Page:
In this example, we conveniently add a whole pattern to every 2nd lane.

What can help us to make a simple sketch on which you draw the number of jobs?

Above the first lane, you indicate how many cartridges you need. In this example, that’s 9.

On every 2nd lane, you add one pattern (or a half pattern, if it is a large pattern).

In this example, every 2nd lane has  10 patterns.

And so you complete the list on your paper.

 

Step 4: Calculate the number of cartridges per roll

Divide the length of the roll by the pattern repeat. And round the result down.

This gives you the number of cartridges per roll.

 

10 meters (roll length): 32 cm (pattern repeat) = 31.25 patterns

In this example, you get 31 patterns from 1 roll of wallpaper.

 

Step 5: The number of jobs you get out of a roll

Divide the number of patterns per roll (outcome step 2) by the number of patterns per lane (outcome step 3).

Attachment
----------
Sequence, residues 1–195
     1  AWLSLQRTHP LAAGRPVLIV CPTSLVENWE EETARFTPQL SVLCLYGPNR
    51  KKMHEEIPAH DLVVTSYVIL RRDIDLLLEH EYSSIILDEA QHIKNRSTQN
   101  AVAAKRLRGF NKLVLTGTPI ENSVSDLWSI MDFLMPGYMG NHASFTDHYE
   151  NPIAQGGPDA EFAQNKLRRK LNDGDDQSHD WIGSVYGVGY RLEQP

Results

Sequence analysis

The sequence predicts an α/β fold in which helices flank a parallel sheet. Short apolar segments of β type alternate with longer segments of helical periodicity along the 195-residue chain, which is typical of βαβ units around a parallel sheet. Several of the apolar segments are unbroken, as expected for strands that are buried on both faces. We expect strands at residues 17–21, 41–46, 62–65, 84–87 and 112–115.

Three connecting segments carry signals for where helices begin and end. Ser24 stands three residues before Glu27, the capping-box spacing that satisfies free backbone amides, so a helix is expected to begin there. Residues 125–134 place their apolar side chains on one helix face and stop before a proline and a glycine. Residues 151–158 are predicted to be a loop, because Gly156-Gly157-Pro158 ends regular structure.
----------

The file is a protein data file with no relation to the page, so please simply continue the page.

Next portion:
And round the result down.

31 patterns (on the roll): 9 patterns (per lane) = 3.44 lane

31 patterns (on the roll): 10 patterns (per lane) = 3.1 lane

For both even and odd lanes, you have 3 jobs from a roll of wallpaper.

 

The sketch you made in Step 3 helps you visualize how many patterns are in orbit. And how many jobs you need.

Depending on the situation, try to get as many jobs out of a roll as possible. A combination of 3 x 10 cartridges is possible in this example. But sometimes in your case, it can be good that you get different lengths out of a job.

The starting point is Step 6, see below.

 

Step 6: The required number of roles = outcome

You need 8 strips of wallpaper for the entire wall (Outcome Step 1).

You get 3 jobs from 1 roll of wallpaper. (Outcome Step 5)

Divide the outcome of Step 1 by Step 5 and round up. This gives you the required number of rolls.

8 lanes (total number of lanes): 3 lanes (number of lanes per roll) = 2.66 roll

 

Result: To be able to stick 8 lanes you need 3 rolls of wallpaper.

Do you find it difficult? First, go through the example of wallpaper with a straight match. This contains a pattern in which the pattern connects directly to each other.

When you understand that, it is a small step to calculating wallpaper with a ‘half drop’